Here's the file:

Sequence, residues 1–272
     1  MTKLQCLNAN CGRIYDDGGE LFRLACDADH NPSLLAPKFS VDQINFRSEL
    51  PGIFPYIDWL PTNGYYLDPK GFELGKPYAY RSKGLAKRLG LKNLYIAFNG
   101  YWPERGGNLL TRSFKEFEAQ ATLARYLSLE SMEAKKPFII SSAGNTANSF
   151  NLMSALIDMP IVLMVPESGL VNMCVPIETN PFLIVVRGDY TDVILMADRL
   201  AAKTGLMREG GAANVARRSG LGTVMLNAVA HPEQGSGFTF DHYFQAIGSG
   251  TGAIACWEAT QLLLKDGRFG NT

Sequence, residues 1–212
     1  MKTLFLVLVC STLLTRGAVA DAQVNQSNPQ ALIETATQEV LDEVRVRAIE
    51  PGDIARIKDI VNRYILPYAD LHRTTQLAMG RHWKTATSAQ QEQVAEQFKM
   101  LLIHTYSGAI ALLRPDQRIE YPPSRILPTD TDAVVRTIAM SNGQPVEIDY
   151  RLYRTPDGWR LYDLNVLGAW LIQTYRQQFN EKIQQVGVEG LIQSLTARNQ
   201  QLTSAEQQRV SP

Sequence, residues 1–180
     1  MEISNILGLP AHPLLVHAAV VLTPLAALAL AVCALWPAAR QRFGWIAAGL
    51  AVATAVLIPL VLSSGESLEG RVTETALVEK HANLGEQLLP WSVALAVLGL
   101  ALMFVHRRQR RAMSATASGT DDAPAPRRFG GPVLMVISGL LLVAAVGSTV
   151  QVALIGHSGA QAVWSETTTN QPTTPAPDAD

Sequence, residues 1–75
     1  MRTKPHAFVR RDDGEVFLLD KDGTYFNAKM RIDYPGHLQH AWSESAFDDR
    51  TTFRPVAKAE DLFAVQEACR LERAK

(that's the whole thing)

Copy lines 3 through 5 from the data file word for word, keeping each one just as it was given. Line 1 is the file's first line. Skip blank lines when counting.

    51  PGIFPYIDWL PTNGYYLDPK GFELGKPYAY RSKGLAKRLG LKNLYIAFNG
   101  YWPERGGNLL TRSFKEFEAQ ATLARYLSLE SMEAKKPFII SSAGNTANSF
   151  NLMSALIDMP IVLMVPESGL VNMCVPIETN PFLIVVRGDY TDVILMADRL